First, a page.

Monday, January 21, 2013

Magic Systems: Art or Obsession?

Why are so many gamers obsessed with having a "magic system" in FATE Core? After the Magic System Toolbox preview was published, a chorus of voices demanded a "generic" magic system. I don't get it. A magic system serves a purpose in Dungeons & Dragons, in GURPS or whatever crunchy system you prefer.
Usually, the purpose of the magic system is making a character more powerful or breaking the game rules. Also, usually it doesn't mesh very well with the rest of the system: low-level wizards are cannon-fodder compared to a low-level fighter, and that supposedly makes up for a reversed situation at higher levels. But in reality it doesn't.

FATE Core doesn't emulate physics, it emulates story. FATE Points, aspects, stunts and skills lend your character weight in the story. They only remotely relate to physics. An aspect can be invoked or compelled, stunts add a new action to a skill or add a bonus to an action or create a rules exception, skills let you overcome an obstacle or create an advantage or attack or defend. These are the narrative currencies of the game. This way, each character gets to be equally awesome. The Extras chapter in the FATE Core preview even talk about the costs of Extras in terms of aspects, skills or stunts/refresh. This abstract measure is used for balancing.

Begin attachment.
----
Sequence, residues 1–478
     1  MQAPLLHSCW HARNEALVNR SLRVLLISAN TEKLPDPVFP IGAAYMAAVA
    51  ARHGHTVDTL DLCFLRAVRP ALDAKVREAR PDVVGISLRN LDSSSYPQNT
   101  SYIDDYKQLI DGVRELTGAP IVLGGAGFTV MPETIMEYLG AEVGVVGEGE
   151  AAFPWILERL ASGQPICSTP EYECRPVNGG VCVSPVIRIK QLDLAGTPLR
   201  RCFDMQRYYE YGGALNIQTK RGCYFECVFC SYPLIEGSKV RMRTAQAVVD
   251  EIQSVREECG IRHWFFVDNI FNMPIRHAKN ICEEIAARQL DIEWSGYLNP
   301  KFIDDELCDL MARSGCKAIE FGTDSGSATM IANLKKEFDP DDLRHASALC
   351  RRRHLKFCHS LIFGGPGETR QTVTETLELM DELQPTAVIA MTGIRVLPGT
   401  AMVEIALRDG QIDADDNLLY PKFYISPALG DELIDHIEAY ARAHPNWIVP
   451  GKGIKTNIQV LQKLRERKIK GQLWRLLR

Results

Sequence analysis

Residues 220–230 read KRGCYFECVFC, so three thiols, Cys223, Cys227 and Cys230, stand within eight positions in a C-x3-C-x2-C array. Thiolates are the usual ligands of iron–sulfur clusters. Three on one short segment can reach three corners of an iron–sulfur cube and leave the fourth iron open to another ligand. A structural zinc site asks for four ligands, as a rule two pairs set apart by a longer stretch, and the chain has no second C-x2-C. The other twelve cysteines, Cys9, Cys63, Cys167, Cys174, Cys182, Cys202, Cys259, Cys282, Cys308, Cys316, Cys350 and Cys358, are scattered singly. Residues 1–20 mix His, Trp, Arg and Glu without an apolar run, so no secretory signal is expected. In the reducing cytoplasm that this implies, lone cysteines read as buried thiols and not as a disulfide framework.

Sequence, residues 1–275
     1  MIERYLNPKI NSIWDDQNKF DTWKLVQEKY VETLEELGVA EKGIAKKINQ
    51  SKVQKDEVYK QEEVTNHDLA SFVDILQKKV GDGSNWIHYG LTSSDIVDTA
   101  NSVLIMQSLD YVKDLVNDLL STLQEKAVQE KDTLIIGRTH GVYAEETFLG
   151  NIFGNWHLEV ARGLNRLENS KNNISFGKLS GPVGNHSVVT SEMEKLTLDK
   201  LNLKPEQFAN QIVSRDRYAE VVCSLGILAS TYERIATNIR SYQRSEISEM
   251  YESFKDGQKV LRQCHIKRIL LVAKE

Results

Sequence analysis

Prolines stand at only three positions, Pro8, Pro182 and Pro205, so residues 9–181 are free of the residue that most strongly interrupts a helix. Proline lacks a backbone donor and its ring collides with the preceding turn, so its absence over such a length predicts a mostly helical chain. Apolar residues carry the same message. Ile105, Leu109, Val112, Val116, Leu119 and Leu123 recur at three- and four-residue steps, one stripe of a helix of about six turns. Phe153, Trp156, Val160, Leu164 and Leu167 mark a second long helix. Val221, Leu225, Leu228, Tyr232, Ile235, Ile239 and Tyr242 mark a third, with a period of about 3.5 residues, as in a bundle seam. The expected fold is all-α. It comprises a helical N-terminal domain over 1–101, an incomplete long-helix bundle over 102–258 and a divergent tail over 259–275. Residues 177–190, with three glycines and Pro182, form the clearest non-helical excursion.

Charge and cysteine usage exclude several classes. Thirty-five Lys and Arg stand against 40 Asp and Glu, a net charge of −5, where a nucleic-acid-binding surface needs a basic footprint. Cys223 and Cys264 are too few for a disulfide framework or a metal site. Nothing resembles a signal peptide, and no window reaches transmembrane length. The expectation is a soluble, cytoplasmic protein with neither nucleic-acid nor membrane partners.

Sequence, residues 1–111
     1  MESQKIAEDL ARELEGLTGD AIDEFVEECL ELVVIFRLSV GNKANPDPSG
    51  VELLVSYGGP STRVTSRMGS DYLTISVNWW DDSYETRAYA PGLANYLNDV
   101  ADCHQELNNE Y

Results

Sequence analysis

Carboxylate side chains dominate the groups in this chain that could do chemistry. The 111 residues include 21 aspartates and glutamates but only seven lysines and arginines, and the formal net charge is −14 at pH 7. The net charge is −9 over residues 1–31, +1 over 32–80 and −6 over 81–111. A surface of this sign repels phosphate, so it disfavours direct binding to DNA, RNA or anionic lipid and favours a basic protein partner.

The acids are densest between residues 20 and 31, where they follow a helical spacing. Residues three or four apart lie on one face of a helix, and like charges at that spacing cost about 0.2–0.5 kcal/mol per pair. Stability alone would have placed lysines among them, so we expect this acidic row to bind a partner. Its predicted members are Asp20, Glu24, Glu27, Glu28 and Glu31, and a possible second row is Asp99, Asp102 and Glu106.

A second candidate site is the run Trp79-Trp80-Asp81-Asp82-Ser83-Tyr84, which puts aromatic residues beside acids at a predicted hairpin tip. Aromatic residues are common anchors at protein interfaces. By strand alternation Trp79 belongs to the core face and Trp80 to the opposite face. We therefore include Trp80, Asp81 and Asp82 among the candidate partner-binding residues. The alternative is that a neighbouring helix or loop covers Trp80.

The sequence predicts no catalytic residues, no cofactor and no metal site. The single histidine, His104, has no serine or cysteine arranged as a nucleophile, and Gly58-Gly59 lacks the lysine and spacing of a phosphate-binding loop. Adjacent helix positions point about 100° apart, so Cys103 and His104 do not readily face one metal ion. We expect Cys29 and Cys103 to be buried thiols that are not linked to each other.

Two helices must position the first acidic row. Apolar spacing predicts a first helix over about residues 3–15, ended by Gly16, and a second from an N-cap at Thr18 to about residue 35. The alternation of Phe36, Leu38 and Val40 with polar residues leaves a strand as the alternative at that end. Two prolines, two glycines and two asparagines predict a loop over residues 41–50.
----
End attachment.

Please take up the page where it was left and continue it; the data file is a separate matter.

In my opinion you don't need a magic system. All magic can expressed in skills, stunts and aspects. The Magic System Toolkit goes on to illustrate that and even hands you systems for summoning, something the FATE Core rules don't really hint at.

In FATE Core, magic shouldn't be an excuse to be more awesome or rules-breaky than everyone else, because FATE Core allows you to create characters with the same narrative weight. An eloborate system also tends to add complexity on top of a simple and elegant system. A real magic system with bells, whistles and complexity only makes sense, if the campaign revolves around magic and magic-using people like witches, wizard & superheroes. Because then, you need to differentiate between the magic-users or they will all feel pretty much the same. In all other circumstances, it is enough to define the magic the character uses (as opposed to a whole system) or the group sees in action (usually by fighting enemy spellcasters). That can be handled easily with aspects, skills and stunts without need of a complex system.

Just my 0.02 €

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